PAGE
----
• St Andrew’s Church – dating from the late 12th century, although it probably wasn’t completed until the 15th century.  Look around the outside for the amusing gargoyles on the tower.  Inside the church there are some unusual features such as the double arch between the nave and the tower

• Whipping Post – the smallest listed building in the country. The Grade II listed Whipping Post has stood outside the Old Police House on Spa Hill in the town for more than a century and hosts three pairs of iron shackles. It’s believed that the post must have been a feature of the town’s old prison, or in the town’s old marketplace to facilitate public punishments

• Stone Barn – one of Kirton’s oldest listed buildings dating from the late 18th century with its arched doorway and small slit openings to allow little light in

• Ash Well – once one of the principal sources of water for the town, it’s known to have been in existence for several centuries, although the water is no longer suitable for drinking

• Mount Pleasant Windmill – built in 1875 this tower mill has been restored to working order.  Now the home to True Loaf Bakery, the mill is open for tours and has a tearoom with freshly baked organic bread and cakes.

Scunthorpe is a busy cosmopolitan town and a central meet-up place in North Lincolnshire.

It has two major shopping centres – The Foundry and The Parishes. The former was constructed in the late 1960s/early 1970s during a wholesale reconstruction of the old town; the latter was constructed in the early part of the 2000s on the site of the town’s old bus station.

There are also many well-known retailers on High Street.

The once-thriving market – mostly under cover in market halls just to the north of the Central Library, at the eastern end of the High Street – has shrunk noticeably in the past 10 years, and has now moved to the new St John’s Market, close to the Bus Station.

Key attractions to visit include:
• Normanby Hall Country Park – this award-winning regency mansion set in 300 acres of picturesque parkland is the region’s premier tourist attraction. For full details of events and open times, visit www.normanbyhall.co.uk

• Messingham Zoo – offers something different from larger zoos and wildlife parks by focussing on close-up encounters with smaller, friendlier animals. Education forms a big part of what the zoo delivers – teaching about animal care and welfare. For full details, visit the website

• Pink Pig Farm – enjoy indoor or outdoor play, meet friendly farm animals, and savour breakfast or lunch in the Farm House Kitchen. For full details, visit

• North Lincolnshire Museum – a visit to the museum is a step back in time through fascinating hands-on displays. Learn about some of North Lincolnshire’s amazing objects and stories. Explore the geology, local history and archaeology galleries. Discover how that history has been shaped by the landscape. Families can visit Dudley’s Den, a dedicated Under 5s space. For further details, visit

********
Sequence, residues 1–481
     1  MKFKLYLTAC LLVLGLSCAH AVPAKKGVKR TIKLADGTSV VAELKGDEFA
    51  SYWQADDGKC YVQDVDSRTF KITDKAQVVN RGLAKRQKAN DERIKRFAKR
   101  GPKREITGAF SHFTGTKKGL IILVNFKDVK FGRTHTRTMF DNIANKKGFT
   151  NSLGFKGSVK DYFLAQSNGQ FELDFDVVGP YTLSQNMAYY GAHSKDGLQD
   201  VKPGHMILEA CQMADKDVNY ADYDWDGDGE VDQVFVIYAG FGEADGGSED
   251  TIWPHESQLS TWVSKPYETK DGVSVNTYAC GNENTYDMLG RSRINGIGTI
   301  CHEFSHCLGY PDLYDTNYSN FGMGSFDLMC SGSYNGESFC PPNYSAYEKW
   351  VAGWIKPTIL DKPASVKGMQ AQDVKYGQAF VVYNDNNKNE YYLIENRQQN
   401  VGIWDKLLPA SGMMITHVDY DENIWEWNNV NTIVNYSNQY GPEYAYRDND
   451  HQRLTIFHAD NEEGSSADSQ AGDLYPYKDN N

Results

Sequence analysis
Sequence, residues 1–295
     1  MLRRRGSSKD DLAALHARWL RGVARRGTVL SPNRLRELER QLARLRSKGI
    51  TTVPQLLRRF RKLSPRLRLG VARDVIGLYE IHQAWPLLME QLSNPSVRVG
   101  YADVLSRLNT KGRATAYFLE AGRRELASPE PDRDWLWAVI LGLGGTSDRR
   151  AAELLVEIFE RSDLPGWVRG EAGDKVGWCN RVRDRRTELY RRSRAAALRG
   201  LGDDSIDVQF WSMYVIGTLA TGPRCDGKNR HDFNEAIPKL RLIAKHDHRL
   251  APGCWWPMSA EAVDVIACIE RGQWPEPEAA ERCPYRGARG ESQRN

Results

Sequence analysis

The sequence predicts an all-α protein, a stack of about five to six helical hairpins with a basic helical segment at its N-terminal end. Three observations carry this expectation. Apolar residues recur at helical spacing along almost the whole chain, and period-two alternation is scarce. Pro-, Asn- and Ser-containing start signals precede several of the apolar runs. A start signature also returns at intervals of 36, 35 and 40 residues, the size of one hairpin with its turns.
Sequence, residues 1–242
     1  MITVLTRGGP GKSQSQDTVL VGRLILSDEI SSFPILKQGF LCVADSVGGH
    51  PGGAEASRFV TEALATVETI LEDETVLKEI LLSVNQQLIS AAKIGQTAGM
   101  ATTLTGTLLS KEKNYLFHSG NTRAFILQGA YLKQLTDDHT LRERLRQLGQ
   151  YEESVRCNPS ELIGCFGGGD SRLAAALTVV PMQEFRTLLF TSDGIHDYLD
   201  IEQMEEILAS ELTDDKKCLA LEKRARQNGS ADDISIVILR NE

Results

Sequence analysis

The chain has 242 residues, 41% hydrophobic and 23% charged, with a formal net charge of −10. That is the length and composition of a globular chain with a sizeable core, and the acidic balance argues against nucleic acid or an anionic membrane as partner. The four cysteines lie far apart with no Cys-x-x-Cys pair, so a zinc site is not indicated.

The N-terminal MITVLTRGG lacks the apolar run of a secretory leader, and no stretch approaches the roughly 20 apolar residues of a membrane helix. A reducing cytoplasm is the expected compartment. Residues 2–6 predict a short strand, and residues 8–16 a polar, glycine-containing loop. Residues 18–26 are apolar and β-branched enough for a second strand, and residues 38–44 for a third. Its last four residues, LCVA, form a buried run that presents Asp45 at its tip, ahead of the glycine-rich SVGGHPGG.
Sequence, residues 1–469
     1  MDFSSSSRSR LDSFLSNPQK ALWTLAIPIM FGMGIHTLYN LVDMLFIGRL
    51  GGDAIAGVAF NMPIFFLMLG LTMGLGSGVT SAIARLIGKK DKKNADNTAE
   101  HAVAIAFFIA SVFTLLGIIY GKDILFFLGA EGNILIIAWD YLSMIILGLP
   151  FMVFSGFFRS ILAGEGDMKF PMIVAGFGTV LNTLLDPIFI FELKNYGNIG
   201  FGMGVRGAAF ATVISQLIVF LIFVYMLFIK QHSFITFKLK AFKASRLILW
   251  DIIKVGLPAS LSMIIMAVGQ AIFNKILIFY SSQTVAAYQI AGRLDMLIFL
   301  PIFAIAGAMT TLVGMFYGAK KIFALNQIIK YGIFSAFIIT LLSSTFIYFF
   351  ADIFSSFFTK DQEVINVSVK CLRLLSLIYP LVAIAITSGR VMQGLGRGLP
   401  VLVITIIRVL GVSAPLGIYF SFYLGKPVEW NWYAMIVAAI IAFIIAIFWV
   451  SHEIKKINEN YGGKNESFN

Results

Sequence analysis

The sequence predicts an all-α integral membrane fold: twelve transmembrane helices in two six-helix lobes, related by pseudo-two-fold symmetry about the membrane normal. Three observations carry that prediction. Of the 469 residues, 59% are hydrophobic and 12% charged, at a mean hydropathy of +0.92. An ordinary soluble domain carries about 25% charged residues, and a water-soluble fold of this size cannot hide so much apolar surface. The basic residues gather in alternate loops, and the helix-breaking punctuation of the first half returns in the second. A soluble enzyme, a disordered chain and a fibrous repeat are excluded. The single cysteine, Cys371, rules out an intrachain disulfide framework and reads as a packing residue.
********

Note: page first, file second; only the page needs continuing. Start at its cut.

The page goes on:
• 20-21 Visual Arts Centre – encompassing a wide range of media, subjects and artistic approaches, the museum presents a mixture of in-house curated exhibitions, touring shows and exhibitions developed in partnership with fellow creative organisations. It also produces and delivers its own touring exhibitions to other galleries nationally and offers an extensive education programme for all ages and abilities. For further details, visit www.2021visualartscentre.co.uk

• The Baths Hall – the former public bath house, dating from 1931, has served as an entertainment venue since the 1970s. It can cater for up to 1,000 people seated and 1,800 people with a mixture of seats and standing. Over the years, acts including Arcade Fire, Florence and the Machine, Paul Weller, the Royal Philharmonic Orchestra, The Kooks, Enter Shikari and Jimmy Carr have performed at the venue. For further information, visit the website at www.scunthorpetheatres.co.uk

The town still shows much of its medieval origins and has several handsome Georgian stone houses. All Saints, very large for a rural church, dates from before 1100 and has many interesting features as well as hosting Winterton’s heritage centre.

The layout is medieval with long narrow plots running north/south on either side of High Street, Low Street, King Street and Park Street. In the late 18th and 19th centuries, Winterton expanded dramatically as a result of the prosperity brought about by agricultural improvements. This made it a market town of regional significance. However, it was eclipsed by the even more dramatic rise of Scunthorpe in the late 19th century. The loose-knit town, with a distinct emphasis on east-west streets, has been infilled by successive phases of development which continued throughout the 20th century.

The best way to see Winterton is to use the free Walk Around Winterton leaflet available at the church. It will lead you round the historic core of the town, allow you to see a range of interesting buildings and learn about the local heritage.

For further information about the full range of towns, villages and attractions across North Lincolnshire, visit www.visitnorthlincolnshire.com

As experts in eye care, O’Brien’s Opticians in Brigg are leading the way in trusted personalised treatments. Director Dr Sheeraz Janjua, Doctor of Optometry, explains.

As we get older, some people find that their central vision unfortunately deteriorates markedly, with blurriness and shadowing. These effects cause difficulties in everyday life, whether it’s watching TV, or reading – even if reading glasses are used.